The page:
Food, Nutrition, and Anthropology

The consumption of food is fundamental to human existence for two reasons. First, the nutritional characteristics of the diet have enormous influence on the development and health of individuals. Second, eating is an intensely social activity. Cultural notions of personhood, kinship, sharing, and morality are all expressed in the way food is acquired, prepared and consumed. Food and nutrition are therefore of great interest to anthropologists. Emory anthropology faculty studies multiple aspects of the evolution, current diversity and clinical and social significance of the human diet and nutrition. The Anthropology Department’s interests in nutritional anthropology are shared by faculty at the Centers for Disease Control and PreventionRollins School of Public Health, and Yerkes National Primate Center. Our faculty also supervises graduates from the Department of Nutrition and the School of Public Health.

Food and nutrition studies in the Anthropology Department at Emory explore nutrition across time, place, and species. Our research foci includes work by Craig HadleyMichelle Lampl and Carol Worthman that explores current variation in nutritional outcomes, growth and development in Africa, Asia, and the USA. Peggy Barlett studies comparative agricultural systems, and the current US food system with an emphasis on issues of sustainability. Our work also spans the life course: Carol Worthman and Melvin Konner have conducted ground-breaking research on the weaning period among hunter-gatherers while others in the department study young child and adolescent growth, nutrition, and development in diverse subsistence settings around the world. Some of the faculty’s research is highly theoretical and some of it is applied, aimed at identifying and suggesting solutions to problems of inadequate growth and food insecurity and sustainability in some human populations.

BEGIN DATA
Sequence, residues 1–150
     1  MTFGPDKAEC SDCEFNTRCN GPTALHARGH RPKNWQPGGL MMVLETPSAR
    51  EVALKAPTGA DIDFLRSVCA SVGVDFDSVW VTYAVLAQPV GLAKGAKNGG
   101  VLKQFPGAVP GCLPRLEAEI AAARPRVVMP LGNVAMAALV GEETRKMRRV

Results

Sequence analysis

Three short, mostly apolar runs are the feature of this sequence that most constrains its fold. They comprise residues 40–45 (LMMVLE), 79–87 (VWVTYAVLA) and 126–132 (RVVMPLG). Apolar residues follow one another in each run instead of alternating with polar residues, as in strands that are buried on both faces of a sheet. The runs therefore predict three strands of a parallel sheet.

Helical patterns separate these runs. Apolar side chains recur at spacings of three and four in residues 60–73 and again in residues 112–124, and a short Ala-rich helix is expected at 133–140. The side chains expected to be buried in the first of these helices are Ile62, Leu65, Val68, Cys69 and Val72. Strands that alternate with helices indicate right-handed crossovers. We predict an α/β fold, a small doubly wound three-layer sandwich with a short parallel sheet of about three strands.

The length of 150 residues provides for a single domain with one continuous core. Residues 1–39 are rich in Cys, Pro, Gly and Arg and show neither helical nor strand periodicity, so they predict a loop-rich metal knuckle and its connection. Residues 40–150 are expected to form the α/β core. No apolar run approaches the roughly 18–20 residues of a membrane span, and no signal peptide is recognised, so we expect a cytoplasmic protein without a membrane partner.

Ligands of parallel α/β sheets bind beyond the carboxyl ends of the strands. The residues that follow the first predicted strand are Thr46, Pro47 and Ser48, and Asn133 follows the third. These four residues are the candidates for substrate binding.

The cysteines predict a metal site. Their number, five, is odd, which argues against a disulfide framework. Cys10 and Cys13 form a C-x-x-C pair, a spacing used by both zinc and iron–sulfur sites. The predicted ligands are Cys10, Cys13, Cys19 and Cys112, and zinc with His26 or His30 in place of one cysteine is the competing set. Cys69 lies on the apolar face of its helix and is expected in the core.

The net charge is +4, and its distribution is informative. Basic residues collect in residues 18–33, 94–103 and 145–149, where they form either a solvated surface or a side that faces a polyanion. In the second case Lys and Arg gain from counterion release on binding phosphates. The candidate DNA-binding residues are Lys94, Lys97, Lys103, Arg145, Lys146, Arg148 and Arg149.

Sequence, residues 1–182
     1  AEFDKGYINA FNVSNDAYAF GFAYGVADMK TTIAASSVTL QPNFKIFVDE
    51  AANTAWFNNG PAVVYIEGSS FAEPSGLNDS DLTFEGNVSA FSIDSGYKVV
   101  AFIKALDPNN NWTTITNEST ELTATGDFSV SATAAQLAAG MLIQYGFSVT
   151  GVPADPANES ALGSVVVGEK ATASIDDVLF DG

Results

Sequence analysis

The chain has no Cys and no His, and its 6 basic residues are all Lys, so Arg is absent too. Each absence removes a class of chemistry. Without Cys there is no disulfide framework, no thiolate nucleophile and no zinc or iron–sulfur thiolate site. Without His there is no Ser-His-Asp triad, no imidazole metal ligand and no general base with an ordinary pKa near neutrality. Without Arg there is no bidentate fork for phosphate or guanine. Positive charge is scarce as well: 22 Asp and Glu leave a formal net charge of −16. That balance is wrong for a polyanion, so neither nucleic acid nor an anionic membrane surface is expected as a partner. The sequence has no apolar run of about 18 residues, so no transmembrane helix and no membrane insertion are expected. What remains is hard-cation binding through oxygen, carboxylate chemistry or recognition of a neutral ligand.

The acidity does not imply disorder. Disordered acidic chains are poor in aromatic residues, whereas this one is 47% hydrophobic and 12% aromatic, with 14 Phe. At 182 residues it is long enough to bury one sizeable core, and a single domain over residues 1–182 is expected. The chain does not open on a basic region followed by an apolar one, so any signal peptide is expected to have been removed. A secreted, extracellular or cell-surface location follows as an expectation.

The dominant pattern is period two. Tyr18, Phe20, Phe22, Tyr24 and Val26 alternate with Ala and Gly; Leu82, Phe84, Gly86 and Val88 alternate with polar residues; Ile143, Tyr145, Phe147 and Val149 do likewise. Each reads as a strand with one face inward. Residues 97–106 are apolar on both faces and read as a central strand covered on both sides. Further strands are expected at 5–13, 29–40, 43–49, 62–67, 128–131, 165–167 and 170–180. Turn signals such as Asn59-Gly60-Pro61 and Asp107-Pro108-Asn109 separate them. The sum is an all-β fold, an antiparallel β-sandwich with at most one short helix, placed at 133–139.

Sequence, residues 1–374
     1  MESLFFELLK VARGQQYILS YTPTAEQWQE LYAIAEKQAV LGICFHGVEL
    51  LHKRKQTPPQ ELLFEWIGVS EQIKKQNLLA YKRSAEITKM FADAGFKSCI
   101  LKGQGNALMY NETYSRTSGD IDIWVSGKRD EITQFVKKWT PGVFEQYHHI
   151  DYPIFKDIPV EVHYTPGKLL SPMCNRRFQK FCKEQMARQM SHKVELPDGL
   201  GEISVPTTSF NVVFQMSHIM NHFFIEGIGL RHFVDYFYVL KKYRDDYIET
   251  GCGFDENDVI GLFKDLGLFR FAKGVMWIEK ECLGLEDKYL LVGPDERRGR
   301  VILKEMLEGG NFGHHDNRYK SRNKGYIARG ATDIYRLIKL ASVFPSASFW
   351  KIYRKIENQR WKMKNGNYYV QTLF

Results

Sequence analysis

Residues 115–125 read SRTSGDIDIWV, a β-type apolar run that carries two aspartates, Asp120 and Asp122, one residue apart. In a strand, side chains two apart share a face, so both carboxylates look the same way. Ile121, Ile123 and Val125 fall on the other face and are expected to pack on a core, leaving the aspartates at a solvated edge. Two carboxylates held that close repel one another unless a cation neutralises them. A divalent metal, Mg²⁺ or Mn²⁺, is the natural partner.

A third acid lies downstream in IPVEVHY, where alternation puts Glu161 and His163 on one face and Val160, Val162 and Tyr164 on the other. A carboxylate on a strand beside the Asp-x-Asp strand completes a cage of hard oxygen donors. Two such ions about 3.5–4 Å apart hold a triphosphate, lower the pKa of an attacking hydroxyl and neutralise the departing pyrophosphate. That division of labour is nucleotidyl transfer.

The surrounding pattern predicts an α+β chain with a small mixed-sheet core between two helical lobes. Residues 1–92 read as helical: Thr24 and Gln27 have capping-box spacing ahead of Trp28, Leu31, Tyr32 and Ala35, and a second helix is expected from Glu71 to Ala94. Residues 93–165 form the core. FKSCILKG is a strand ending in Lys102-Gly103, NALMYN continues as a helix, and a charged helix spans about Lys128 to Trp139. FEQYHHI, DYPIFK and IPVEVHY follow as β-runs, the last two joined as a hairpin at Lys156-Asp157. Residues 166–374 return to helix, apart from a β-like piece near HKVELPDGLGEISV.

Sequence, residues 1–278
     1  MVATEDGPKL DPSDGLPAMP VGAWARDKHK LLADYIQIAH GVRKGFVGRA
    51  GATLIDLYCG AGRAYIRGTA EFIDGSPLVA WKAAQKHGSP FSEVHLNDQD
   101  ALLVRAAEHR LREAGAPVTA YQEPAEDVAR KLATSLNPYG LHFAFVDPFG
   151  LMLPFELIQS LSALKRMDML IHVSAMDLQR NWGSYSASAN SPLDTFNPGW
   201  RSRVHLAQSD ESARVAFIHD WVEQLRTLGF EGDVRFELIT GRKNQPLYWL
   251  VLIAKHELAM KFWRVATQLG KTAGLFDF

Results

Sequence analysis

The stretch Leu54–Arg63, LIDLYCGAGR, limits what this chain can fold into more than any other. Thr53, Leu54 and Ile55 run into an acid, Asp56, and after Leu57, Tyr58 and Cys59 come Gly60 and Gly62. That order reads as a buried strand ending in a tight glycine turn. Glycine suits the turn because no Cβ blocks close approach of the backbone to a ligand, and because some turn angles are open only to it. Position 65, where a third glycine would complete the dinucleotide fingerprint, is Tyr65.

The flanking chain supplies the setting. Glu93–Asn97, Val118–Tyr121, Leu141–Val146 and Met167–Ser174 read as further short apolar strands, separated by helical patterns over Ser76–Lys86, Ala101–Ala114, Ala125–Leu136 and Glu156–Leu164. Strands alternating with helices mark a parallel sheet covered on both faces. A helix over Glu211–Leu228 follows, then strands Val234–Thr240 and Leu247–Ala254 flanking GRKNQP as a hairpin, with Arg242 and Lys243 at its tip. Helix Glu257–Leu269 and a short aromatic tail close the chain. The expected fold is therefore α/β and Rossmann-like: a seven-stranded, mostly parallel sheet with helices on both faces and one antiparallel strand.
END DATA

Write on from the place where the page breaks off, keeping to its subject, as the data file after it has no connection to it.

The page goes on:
Given this broad set of research interests, students in Emory's Department of Anthropology can gain training in life history theory, human and non-human primate nutrition, nutritional anthropology and international nutrition, growth and development, contemporary and comparative food systems, and sustainability studies. They also benefit from interactions with leaders in the field of international nutrition at the Rollins School of Public Health.